The patient was extremely pleased but began to contemplate the possibility of correcting her nondominant eye in order to improve her reading vision. Interestingly, a spherical soft contact lens trial for monovision correction OD worked well, and we have planned enhancement surgery.

Following FDA approval in April 2002, CK has gained increased acceptance among ophthalmologists as a safe and effective technique for correcting low to moderate hyperopia.1,2 The data from the multicenter FDA clinical trial demonstrated that 92% of eyes had a UCVA of 20/40 or better and that 60% of eyes achieved 20/20 or better UCVA 12 months postoperatively. Of the 318 eyes with 12 months follow-up, none has experienced a loss to date of more than two lines of BSCVA. The mean baseline cycloplegic spherical equivalent refraction was +1.86 ± 0.63 D with a range of +0.75 to +4.00 D.

Although CK is FDA-approved for spherical hyperopia (<1.0 D of refractive cylinder), other potential indications exist. Because of CK's impressive safety profile, it is well suited for monovision induction in presbyopic emmetropes.2 I have also used CK to fine tune LASIK outcomes (either overcorrected myopic LASIK or undercorrected hyperopic LASIK) when lifting the flap and/or removing additional tissue are not desired. Pseudophakes are candidates for CK when a small hyperopic refractive error exists, and I have successfully used CK within the incisions of post-RK hyperopes to create what I call a “radio-suture.”

Because the collagen shrinkage induced by CK steepens the central cornea when the energy is applied at least 3 mm from the corneal center, the procedure should, in theory, be a powerful tool for correcting astigmatism. Although the nomograms are still being developed, Figures 2 and 3 illustrate CK's cylinder-neutralizing capability. Antonio Mendez, MD, of Mexicali, Mexico, developed the CK procedure.3 He and his son, Benjamin Mendez Noble, MD, also of Mexicali, discovered that CK can create a coupling effect, when applied in certain patterns, that corrects astigmatism without significantly affecting the spherical equivalent.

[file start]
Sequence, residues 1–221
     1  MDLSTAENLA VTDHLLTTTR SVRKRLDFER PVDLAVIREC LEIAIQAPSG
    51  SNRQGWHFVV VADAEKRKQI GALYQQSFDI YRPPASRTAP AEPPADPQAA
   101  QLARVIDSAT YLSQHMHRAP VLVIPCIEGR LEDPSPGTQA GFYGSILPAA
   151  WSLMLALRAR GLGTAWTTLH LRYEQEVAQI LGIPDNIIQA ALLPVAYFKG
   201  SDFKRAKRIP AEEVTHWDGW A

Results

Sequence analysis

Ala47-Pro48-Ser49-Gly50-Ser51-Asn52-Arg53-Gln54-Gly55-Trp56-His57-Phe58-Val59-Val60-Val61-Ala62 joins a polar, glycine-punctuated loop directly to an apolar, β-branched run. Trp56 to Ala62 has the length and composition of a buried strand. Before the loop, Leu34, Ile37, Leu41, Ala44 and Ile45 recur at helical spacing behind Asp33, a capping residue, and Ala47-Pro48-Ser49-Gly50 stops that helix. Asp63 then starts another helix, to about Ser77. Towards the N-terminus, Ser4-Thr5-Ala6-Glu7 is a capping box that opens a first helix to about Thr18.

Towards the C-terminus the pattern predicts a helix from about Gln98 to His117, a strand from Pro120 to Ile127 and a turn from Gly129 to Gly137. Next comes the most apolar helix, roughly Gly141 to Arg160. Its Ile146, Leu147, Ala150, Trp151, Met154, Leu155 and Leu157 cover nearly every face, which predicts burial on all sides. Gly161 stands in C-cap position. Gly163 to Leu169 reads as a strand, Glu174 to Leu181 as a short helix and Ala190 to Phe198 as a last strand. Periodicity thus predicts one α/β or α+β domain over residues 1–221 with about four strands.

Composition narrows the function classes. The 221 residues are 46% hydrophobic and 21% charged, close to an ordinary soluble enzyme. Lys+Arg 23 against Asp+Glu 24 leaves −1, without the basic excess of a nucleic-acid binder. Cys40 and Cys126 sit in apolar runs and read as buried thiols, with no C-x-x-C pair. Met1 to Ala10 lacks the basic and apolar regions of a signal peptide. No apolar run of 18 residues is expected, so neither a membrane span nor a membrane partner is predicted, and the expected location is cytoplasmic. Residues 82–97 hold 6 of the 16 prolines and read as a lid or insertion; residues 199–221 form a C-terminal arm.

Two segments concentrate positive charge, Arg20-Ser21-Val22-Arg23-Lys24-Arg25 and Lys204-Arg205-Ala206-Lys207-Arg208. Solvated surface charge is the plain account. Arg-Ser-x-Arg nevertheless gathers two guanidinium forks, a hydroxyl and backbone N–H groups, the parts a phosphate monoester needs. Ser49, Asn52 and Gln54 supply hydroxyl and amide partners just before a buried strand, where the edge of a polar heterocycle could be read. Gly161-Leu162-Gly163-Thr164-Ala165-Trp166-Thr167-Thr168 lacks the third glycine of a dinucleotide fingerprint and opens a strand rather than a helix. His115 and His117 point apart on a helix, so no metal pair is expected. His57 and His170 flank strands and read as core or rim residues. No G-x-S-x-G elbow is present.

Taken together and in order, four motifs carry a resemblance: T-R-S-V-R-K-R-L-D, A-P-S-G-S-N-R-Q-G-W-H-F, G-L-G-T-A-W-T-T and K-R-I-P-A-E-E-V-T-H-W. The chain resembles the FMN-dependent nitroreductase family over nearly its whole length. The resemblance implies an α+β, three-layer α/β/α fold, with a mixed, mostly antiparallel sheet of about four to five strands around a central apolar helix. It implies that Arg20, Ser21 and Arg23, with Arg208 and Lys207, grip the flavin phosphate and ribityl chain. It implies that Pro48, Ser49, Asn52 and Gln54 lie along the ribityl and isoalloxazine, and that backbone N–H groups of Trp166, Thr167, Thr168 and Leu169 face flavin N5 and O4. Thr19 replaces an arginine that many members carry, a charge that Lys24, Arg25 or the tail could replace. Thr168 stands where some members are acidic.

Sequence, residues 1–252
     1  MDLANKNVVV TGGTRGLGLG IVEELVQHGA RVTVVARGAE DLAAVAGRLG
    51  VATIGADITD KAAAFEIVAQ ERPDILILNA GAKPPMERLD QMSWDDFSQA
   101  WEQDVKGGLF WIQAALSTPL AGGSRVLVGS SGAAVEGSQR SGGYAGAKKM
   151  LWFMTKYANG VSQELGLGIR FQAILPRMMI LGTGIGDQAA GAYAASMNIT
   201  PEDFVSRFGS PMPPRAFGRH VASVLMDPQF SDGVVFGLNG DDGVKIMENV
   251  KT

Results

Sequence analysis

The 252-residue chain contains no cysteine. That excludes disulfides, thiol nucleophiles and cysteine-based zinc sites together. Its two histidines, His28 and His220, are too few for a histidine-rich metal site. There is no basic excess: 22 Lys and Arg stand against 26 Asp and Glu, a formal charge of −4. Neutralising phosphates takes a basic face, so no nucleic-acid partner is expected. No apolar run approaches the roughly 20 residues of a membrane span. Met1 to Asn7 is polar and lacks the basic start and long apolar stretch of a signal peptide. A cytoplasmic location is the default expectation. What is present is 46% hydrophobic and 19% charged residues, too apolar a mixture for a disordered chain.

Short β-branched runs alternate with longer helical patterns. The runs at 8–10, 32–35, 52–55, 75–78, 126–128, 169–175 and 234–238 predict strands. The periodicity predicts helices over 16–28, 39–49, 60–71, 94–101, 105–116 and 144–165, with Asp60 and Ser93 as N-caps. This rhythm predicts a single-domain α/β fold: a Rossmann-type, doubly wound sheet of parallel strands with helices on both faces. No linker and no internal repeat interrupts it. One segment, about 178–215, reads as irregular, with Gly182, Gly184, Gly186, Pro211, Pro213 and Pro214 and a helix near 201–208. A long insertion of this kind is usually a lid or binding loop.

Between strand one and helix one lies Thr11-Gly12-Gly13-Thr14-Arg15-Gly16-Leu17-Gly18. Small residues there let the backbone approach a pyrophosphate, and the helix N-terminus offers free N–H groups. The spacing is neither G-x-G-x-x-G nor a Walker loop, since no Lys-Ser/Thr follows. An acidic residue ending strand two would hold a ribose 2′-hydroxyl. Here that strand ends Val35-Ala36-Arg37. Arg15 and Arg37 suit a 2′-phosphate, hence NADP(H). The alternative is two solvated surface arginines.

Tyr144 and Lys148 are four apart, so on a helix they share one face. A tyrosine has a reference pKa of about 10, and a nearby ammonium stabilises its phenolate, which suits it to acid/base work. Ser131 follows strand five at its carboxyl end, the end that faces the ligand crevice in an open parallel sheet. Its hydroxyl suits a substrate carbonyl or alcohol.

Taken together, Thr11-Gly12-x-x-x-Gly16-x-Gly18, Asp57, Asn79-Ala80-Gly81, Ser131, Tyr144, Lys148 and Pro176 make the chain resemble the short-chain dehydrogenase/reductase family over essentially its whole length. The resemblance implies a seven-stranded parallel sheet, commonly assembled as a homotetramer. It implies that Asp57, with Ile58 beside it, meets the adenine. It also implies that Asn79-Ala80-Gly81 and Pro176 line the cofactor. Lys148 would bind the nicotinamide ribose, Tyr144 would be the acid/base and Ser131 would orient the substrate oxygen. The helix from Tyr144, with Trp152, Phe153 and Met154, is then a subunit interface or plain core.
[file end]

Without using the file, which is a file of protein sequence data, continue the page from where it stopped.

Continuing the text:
Although in CK the current emphasis has been on enabling patients to see without glasses and contact lenses, additional uses may include specific astigmatism treatments to allow toric or RGP contact lens wearers to begin wearing spherical soft contact lenses. Refinements to the nomograms for toric treatments are ongoing, and continued study will be needed to evaluate fully the safety and efficacy of these new applications for CK.

Jonathan M. Davidorf, MD, is Director of the Davidorf Eye Group in West Hills, California, and is an assistant clinical professor at the Jules Stein Eye Institute. He is a consultant for Refractec, Inc. (Irvine, CA). Dr. Davidorf may be reached at (818) 883-0112; drj@davidorf.com.
1. McDonald MB, Davidorf JM, Maloney RK, Manche EE, Hersh P. Conductive keratoplasty for the correction of low to moderate hyperopia: 1-year results on the first 54 eyes. Ophthalmology. 2002;109:637-649.
2. Davidorf JM, Durrie DS, Pallikaris I. Conductive keratoplasty. In: Agarawal A, ed. Presbyopia: A Surgical Textbook. Thorofare, NJ: Slack, Inc.; 2002:165-173.
3. Davidorf JM, Mendez-Noble B. Conductive keratoplasty for the treatment of mixed astigmatism. Paper presented at: Symposium on Cataract, IOL and Refractive Surgery; June 4, 2002; Philadelphia, PA.